The Ely Testament

Written by Philip Gooden

Peel: A murder mystery set in the nineteen hundreds with a side story set in the seventeen hundreds. The main story focuses on a Mr. Lye, a partner in a law firm, who may have died without writing a will. Tom goes off to investigate, and his host, Mr. Lye’s brother, is arrested for murder and the mystery begins.

There was some lovely imagery, especially in describing architecture. There were many characters in this mystery that opened up many possibilities for what may have happened. Unfortunately the author tended to close doors off rather quickly, instead of allowing the reader to build up any pet theories. The side story keeps up suspense while the main develops slowly, and one gets to imagine possible connections between the two.

I prefer my mysteries to have a rather intelligent protagonist, so that one must actively think to figure out the mystery. I found many connections stated bluntly, that I would have liked to establish and mull over. I didn’t find the characters that likable, and the only likable one, Helen, was flawless and had every male chasing after her. Though there is a melodramatic twist at the end, the killer’s identity could be figured out via process of elimination. All in all the book was written well, but not my cup of tea.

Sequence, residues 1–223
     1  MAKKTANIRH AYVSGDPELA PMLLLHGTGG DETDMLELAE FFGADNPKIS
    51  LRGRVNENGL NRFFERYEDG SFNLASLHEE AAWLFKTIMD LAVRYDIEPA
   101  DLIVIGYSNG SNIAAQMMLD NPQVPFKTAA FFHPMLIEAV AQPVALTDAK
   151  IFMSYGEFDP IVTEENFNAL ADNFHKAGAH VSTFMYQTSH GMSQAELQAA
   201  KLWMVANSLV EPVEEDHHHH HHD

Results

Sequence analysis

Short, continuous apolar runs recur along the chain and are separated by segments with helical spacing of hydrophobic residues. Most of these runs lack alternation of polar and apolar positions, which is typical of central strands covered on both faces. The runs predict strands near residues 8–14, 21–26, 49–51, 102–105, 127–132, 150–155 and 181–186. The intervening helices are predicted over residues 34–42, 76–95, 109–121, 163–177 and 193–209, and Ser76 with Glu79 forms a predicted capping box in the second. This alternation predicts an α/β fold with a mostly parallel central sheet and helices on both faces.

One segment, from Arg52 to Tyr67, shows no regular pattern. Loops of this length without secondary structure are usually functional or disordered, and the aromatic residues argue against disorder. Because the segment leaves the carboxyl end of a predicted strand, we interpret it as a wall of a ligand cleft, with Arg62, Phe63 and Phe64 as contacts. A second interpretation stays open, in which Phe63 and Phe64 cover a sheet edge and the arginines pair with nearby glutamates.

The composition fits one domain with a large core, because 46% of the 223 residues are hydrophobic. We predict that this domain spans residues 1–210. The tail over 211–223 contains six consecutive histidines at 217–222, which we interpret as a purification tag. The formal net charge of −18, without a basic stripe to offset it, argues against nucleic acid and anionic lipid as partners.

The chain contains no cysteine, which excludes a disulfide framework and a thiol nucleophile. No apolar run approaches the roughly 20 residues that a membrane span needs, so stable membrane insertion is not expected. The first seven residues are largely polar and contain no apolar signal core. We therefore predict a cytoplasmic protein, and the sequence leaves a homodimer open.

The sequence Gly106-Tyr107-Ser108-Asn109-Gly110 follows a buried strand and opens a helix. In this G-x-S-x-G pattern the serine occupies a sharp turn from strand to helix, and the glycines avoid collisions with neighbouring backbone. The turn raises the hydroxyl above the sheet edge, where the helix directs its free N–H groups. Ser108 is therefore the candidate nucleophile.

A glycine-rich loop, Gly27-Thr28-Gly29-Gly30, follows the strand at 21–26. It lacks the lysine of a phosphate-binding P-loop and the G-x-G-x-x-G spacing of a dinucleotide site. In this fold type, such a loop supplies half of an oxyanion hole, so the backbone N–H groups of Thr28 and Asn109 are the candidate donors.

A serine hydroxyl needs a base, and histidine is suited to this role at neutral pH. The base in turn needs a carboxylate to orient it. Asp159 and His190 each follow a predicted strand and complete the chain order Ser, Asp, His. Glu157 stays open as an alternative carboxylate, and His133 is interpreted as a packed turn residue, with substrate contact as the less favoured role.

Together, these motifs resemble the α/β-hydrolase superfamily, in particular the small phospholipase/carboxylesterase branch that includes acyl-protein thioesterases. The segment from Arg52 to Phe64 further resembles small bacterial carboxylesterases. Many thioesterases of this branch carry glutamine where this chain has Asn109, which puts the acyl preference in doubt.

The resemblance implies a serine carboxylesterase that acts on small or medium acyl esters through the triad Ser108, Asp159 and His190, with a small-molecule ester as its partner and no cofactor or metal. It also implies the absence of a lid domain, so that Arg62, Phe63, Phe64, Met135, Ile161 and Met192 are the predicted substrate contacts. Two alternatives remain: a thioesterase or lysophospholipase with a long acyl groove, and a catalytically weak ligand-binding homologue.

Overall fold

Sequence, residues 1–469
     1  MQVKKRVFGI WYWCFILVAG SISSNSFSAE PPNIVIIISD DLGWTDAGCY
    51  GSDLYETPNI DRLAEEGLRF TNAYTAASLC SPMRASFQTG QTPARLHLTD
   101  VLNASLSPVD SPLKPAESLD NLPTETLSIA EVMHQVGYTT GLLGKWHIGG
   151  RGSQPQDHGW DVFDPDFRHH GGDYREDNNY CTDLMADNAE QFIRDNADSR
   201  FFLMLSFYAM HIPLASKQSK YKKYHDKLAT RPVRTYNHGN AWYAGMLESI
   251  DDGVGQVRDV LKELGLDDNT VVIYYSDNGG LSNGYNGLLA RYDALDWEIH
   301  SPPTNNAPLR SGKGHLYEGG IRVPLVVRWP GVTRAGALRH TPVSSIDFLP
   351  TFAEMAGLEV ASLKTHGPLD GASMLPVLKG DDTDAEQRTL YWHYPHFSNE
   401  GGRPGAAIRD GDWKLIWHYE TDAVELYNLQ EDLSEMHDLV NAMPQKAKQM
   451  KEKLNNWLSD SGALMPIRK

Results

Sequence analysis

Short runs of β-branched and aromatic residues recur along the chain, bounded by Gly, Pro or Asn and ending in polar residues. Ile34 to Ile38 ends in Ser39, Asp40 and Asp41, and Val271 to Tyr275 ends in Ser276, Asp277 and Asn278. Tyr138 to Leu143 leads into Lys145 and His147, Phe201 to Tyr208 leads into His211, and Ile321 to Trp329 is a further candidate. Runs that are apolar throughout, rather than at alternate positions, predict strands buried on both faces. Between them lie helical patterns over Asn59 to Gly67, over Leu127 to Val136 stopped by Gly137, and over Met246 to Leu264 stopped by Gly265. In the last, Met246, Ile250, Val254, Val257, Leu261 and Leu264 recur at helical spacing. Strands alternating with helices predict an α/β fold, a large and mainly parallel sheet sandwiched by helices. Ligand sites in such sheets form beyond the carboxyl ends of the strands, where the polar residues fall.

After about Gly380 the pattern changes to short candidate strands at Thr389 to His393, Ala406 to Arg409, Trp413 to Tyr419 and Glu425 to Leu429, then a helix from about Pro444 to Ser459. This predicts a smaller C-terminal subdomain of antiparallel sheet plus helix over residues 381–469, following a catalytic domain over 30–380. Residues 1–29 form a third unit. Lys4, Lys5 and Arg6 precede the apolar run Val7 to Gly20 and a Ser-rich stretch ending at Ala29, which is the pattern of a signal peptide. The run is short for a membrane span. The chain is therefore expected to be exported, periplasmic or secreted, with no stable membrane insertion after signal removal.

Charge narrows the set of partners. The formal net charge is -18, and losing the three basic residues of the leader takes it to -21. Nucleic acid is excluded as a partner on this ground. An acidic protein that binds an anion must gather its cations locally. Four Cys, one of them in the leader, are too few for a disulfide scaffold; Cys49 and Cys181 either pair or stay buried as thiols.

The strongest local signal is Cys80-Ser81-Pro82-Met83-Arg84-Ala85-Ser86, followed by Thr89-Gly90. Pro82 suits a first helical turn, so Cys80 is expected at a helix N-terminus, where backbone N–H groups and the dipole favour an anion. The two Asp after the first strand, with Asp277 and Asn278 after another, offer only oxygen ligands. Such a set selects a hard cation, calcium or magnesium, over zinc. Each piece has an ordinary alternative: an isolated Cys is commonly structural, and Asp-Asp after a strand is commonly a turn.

Nibble: “Mute was a first-rate pseudonym for a contributor to the magazine since it not only described a paid mourner at a funeral but also had a tinge of mystery to it.”

I would recommend this to someone who wants a lazy Sunday mystery.

My Rating: 5 out of 10 misplaced scarlet apples

I received a free electronic copy of this book from Severn House.

Philip Gooden’s Site

Get the book from Amazon


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